Before Question Time I was commenting on the fact that this Bill, for some extraordinary reason, seems to not include a large number of piers and one small harbour within the Shannon estuary. I was accused by the Minister, in one of his interruptions, of having changed my mind on the desirability of a single estuarial authority. I most certainly have not changed my mind. For the last 20 years I have striven for that. There were two earlier Bills which certainly had defects and of which I was not enamoured, but I would have preferred either of the two to this one which is very seriously defective.
The big row in the past was whether or not Foynes should be included in this estuarial authority. Foynes is included now but for some incredible reason various other places are not. I drew the Minister's attention to the fact that there is an application at the moment before Limerick County Council for planning permission for the development of deep water port facilities and associated industrial development and extractive facilities at Caheragh and Killacolla on the Shannon estuary about one and a half miles east of Glin. I wish that project well. If the promoter thinks he can make a success of it, by all means, but will that be included? Will the dues that will be generated by that go to a private operator or to this development corporation? The obvious thing is that we should have a single estuarial authority and every shipping activity that takes place in the estuary and in its immediate tributaries should come under the jurisdiction of the estuarial authority. Instead of that we do not have a harbour authority as such, but an industrial development and recreational and tourist authority which has as one of its subsidiary functions, the running of a harbour, and that only in respect of some parts of the estuary.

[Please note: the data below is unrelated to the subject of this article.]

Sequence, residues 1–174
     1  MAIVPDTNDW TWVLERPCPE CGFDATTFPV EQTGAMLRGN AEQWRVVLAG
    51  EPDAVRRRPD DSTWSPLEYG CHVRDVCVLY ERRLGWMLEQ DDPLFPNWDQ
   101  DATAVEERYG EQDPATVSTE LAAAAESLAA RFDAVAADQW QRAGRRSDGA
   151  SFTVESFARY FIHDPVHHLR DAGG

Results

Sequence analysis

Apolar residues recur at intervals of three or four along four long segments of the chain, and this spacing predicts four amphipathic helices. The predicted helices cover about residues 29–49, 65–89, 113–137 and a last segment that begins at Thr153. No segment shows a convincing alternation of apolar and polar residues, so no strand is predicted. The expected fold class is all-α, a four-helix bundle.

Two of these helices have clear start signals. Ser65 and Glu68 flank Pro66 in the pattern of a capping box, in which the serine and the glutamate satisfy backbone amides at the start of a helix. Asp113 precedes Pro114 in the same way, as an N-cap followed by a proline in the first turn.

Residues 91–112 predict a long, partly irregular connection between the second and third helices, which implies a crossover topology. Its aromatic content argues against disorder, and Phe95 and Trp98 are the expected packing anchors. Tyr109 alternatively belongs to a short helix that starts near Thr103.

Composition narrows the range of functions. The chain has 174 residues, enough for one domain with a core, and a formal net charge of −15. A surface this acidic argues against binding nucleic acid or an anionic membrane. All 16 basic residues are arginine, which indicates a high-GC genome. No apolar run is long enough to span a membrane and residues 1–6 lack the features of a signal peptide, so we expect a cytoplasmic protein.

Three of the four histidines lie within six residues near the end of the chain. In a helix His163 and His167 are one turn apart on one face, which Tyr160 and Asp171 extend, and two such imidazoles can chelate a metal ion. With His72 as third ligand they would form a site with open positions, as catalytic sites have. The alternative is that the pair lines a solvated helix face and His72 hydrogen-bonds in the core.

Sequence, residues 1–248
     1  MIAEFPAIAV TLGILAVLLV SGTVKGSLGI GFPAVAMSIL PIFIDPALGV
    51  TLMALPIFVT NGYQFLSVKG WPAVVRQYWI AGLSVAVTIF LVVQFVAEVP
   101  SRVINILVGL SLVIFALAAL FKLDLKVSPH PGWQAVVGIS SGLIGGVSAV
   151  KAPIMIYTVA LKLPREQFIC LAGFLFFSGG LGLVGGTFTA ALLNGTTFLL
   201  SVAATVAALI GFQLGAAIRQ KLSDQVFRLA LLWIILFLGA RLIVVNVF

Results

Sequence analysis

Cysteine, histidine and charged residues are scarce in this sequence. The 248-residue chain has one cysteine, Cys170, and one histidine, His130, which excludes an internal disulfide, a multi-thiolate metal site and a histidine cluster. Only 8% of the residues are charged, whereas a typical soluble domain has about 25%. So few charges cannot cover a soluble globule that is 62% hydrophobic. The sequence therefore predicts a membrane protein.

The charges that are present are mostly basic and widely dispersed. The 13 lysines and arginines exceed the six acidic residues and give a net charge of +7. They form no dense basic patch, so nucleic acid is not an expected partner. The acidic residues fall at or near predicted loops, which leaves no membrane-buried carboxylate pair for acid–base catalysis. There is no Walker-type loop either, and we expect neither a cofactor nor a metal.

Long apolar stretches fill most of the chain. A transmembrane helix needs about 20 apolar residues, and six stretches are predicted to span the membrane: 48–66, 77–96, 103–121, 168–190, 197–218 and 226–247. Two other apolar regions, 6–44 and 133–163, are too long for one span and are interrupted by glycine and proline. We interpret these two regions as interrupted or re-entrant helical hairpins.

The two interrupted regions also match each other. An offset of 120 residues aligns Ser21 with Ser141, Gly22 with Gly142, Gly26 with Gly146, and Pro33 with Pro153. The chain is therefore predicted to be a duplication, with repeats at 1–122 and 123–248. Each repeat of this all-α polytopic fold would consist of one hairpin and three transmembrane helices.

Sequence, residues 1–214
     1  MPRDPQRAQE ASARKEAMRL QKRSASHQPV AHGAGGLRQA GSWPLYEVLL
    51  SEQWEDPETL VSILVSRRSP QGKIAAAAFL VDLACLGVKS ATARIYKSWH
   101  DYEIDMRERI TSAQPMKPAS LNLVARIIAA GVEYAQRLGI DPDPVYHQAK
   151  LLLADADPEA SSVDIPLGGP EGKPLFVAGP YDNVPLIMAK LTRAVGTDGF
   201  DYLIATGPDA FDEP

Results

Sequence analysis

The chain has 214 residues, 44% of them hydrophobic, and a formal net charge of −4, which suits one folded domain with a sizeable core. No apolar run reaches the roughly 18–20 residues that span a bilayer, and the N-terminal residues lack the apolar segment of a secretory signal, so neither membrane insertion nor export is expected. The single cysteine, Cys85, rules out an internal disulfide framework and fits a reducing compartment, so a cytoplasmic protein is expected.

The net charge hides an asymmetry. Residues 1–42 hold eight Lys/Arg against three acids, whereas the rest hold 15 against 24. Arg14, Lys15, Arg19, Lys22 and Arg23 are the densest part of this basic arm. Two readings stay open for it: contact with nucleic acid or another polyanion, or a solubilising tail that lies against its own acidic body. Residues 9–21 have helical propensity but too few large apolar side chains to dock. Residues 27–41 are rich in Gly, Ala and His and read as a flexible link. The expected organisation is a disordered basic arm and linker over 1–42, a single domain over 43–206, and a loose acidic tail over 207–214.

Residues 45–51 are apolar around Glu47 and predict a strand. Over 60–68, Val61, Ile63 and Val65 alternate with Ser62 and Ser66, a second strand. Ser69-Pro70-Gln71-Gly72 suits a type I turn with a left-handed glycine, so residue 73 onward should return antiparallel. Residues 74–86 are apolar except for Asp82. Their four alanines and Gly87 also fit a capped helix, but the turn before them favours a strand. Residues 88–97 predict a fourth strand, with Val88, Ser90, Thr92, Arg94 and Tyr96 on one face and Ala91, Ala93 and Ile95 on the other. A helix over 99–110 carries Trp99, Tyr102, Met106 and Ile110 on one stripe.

We are entitled to ask why these nine or ten piers which I named earlier have been excluded when they were included in the earlier Bills. Everyone who has compared this Bill with the earlier Bills feels that there is something sinister in this and equally about the exclusion of Clarecastle. There was a debate in the Seanad in 1986 on the estuary and its development and great things are promised for Clarecastle within a short period but they have not occurred. What has happened in regard to Clarecastle and to at least one pier called Cahiracon somewhere in the Kildysart area is that it has been leased to a private operator and the latest European Regional Development Fund report of applications for funds from this country shows that an application has been made for £500,000 from the Regional Fund to develop Clarecastle and what are called other small piers. This requires some explanation. At the very time when we are supposed to have a single authority, which in itself is a cause of controversy, are a whole lot of places in that estuary to be excluded including the proposed development near Glin and whatever is supposed to happen at Clarecastle?